From a strictly technical point of view, the “Student 0” proceeding at stake is just one example of the extending CJEU case law giving both employers and national legislators criteria for deciding when age distinction will or will not satisfy the requirements of EU law. The Court introduced a difference in treatment between two categories of workers: students employed on the basis of a fixed-term employment contract during a university vacation and “regular” workers, who unlike the former, are entitled to the end-of-contract payment. According to the Court, following the aim of Article L. 1243-8 of the Code du Travail, the two situations are not comparable; as a consequence, a national provision providing that an end-of-contract payment is not payable in the event that the contract is concluded with a young person for a period of time during his/her school or university holidays does not constitute discrimination on grounds of age. Therefore, the principle of non-discrimination on grounds of age (enshrined in Article 21 of the Charter of Fundamental Rights of the European Union and having specific expression in Council Directive 2000/78/EC of 27 November 2000) must be interpreted as not precluding a national rule, as the one enacted in France, impeding recognition to a young student of a specific labour compensation.
The decision is therefore to be intended as part of a reinforced case law and does not constitute a leading case. What seem to be more interesting within the EU citizen project are the reasons that lead student “zero” to start the legal action.
At the hearing, the student applicant expressly admitted that the dispute had been provoked solely and exclusively in order to challenge the provisions enacted in France which prevented young students to receive the end-of-contract payment. That was very clear to the Court of Justice itself, as the ruling explicitly reports that, given the small sum at stake, the dispute was obviously fictitious and had been provoked solely and exclusively in order to challenge the provisions at issue.
One might wonder whether the French provision has been perceived by student “zero” as a barrier to the exercise of his own rights, as a European citizen.
Student “zero” decision has been a stimulating occasion to deepen the knowledge of students’ perception of EU citizenship and rights. What does it mean to be a European citizen for Italian-European students? Are students aware of their rights as EU citizens, particularly young high school students, who have never studied law?
In the last few weeks I decided to go through some discussions addressed particularly to teenagers studying in Italian high schools and institutes of primary education. Of particular interest are those schools where law is not included in the educational program: the debate I provoked and deliberately oriented on legal issues became a kind of experiment to measure the perception of young people as regards the meaning and the concrete value of European citizenship.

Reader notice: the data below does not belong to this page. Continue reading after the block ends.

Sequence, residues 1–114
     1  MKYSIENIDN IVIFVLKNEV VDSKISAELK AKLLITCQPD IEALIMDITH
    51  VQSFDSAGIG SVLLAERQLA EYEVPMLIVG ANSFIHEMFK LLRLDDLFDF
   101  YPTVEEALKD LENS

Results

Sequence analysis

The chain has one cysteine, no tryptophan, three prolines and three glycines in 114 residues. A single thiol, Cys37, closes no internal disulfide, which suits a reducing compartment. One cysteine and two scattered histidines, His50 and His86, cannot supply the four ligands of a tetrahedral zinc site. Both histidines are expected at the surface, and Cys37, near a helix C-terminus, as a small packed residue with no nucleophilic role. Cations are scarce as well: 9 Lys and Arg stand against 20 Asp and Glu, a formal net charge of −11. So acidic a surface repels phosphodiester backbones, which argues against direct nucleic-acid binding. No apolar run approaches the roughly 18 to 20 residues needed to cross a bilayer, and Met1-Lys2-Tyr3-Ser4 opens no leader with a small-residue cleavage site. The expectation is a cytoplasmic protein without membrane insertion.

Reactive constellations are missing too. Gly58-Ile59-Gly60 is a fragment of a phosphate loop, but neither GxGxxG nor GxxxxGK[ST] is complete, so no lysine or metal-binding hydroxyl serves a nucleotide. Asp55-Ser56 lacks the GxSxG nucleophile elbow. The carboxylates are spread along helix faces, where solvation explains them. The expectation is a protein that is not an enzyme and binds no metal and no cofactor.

In most cases Student “zero” decision was the starting point of the discussion. After having exposed a simplified version of the case, I asked the students to comment the story, without influencing their views and opinions by explaining the case from a strictly legal point of view. In most cases, students showed an instinctive capacity of decodifying the Court decision on their own, by referring to a rather clear idea of “right” and “element preventing its exercise” (barrier!).
High school students proved to have an instinctive knowledge of their rights, deriving from their status of European citizens, which, in most cases, coincides with a general idea of freedom. Holding a right means, to those young students, being protected in the exercise of their freedoms. This is not surprising at all: according to the “Economist” (http://www.economist.com/) when asked the question “what the EU means to you”, 57% of Europeans aged between 15 and 24 cite the freedom to travel, work and study anywhere they like. And the mobility of young people is made possible through easy access to work too. The discussion with the students proved that it is crystal clear to them that this mobility is important for participation in social and working life. Some of them consider it a crucial requisite to be full EU citizens. This is not surprising in southern Europe, where young students are aware of the fact that their standard of living will probably be worse than that of their parents. Consequently, the possible perspective of moving to a different EU State in order to find or create a profession is naturally present in their future plans.
The debate helped students to understand the complexity of European citizenship and our project bEU citizen aims to make their ideas a little more real.
In the picture: students of the “Alcide De Gasperi High School”, Trento, 23 March 2016.